In the meantime, it doesn't seem as though Iran is changing its plans in Lebanon, Syria, Iraq or Yemen. It will continue igniting tension in these countries, even if the flame has slightly dimmed since Soleimani's killing. The attacks on U.S. forces in Iraq made clear that the Iranians are continuing to push their agenda, though less vigorously and perhaps less ably. The writer was the national security adviser to the prime minister of Israel and head of the National Security Council. (JNS-Israel Hayom)
  • ISIS Is Still Alive - Jonathan Spyer
    Across a broad swath of Iraq and Syria, ISIS retains networks of support, and lines of communication and supply. Some 20,000-30,000 members remain active in this area, with no shortage of either money or weaponry. Beneath the nominal authority of the Assad regime, the Kurdish-led Syrian Democratic Council and the government of Iraq, the structures and networks of ISIS are alive.
        With all three administrations preoccupied with the pandemic, Islamic State is raising its head, with a sharp uptick in ISIS activity over the last two weeks across a broad but contiguous majority-Sunni Arab area. The ongoing, slow-burning ISIS insurgency is proof that the "victories" in the wars in Syria and Iraq have resolved little. Both Baghdad and Damascus are dominated by non-Sunni ruling authorities with little interest in the large Sunni Arab populations living under their rule. The writer is director of the Middle East Center for Reporting and Analysis. (Jerusalem Post)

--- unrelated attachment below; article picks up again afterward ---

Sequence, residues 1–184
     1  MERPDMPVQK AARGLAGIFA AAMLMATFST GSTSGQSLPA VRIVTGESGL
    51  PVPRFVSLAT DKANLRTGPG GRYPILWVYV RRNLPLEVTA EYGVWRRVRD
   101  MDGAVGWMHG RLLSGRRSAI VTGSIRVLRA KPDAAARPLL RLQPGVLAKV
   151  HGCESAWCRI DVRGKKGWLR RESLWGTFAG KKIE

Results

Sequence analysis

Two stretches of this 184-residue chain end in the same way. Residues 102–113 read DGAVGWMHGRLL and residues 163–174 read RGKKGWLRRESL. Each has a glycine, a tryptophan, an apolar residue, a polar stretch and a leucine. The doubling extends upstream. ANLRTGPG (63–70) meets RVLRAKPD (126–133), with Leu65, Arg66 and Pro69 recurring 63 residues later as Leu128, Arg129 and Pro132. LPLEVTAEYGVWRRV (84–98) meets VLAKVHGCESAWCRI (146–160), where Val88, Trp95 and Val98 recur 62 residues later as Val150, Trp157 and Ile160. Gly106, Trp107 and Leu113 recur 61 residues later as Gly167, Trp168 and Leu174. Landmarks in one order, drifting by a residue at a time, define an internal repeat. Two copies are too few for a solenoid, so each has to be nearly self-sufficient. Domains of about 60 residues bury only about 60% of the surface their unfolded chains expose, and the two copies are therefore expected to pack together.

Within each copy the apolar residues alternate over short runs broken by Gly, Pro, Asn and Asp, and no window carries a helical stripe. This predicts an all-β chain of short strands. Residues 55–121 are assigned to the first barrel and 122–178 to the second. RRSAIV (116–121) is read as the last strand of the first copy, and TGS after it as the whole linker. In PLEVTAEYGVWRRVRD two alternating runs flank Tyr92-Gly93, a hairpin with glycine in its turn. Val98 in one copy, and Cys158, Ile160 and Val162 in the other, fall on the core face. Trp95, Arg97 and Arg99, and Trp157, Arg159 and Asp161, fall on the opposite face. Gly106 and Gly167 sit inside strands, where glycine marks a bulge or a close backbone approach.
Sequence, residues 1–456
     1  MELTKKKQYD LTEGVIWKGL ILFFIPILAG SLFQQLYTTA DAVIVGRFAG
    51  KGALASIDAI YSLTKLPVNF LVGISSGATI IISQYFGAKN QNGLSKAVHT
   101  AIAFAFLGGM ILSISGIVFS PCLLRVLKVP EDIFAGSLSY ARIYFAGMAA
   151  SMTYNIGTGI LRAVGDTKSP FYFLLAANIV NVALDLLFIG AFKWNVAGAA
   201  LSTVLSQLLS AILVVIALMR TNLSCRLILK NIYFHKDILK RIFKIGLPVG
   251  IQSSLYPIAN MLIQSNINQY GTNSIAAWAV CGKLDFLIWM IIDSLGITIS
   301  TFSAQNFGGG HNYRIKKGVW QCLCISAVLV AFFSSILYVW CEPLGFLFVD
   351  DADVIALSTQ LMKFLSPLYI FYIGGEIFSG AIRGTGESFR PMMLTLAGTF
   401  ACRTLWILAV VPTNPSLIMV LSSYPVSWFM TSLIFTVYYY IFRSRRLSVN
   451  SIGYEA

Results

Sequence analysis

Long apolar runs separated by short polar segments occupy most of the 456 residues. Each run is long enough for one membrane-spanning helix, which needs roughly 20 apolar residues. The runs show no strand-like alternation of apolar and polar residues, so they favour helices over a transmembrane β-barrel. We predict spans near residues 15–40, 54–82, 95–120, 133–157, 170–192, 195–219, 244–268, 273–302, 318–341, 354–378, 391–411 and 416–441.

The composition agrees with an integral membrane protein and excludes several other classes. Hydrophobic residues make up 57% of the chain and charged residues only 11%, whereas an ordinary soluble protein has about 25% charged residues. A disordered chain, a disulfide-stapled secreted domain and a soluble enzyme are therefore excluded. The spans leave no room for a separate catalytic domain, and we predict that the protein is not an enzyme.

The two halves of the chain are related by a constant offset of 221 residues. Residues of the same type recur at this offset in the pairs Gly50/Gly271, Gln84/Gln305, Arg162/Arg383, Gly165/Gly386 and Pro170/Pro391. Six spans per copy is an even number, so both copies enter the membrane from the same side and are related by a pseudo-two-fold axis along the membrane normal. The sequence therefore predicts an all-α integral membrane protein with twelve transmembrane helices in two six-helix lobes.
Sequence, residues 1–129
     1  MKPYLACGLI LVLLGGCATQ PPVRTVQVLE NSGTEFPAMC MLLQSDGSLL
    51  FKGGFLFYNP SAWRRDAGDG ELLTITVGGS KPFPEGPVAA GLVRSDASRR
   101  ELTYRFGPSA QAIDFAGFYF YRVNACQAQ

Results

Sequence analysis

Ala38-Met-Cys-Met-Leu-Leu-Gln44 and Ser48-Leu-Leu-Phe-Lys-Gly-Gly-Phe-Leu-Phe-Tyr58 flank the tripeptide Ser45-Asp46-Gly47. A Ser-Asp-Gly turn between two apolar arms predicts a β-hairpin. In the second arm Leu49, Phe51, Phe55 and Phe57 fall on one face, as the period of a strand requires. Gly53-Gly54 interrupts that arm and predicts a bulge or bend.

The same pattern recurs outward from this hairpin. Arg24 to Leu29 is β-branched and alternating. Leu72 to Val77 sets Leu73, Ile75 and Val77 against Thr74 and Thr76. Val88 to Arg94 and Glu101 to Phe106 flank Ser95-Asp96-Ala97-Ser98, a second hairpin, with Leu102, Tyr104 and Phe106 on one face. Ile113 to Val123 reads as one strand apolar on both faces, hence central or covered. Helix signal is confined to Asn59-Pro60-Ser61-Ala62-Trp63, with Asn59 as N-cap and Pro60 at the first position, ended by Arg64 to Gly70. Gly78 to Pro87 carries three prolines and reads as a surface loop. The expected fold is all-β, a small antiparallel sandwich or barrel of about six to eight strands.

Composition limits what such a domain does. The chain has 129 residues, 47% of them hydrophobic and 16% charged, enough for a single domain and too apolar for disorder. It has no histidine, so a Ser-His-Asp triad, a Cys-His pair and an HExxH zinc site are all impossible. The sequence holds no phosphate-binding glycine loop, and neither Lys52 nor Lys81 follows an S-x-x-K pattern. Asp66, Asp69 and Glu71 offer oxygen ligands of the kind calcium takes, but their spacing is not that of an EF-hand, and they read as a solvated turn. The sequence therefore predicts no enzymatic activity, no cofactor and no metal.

• Anti-Semitism

  • Why There Is No Credible Alternative to the IHRA Definition of Antisemitism - Peter Wertheim
    The internationally recognized Working Definition of Antisemitism adopted by the International Holocaust Remembrance Alliance (IHRA) emphatically affirms that criticisms of Israel and antisemitism are not mutually exclusive. The IHRA is made up of 33 democratic countries, including Australia.
        The IHRA definition says that when criticism of Israel: is couched in terms which employ or appeal to negative stereotypes of Jewish people generally; or denies the Jewish people their right to self-determination;   or applies double standards by requiring of Israel standards of behavior not expected or demanded of any other democratic nation; or holds Jews collectively responsible for actions of the State of Israel; then the line has been crossed. It's antisemitism.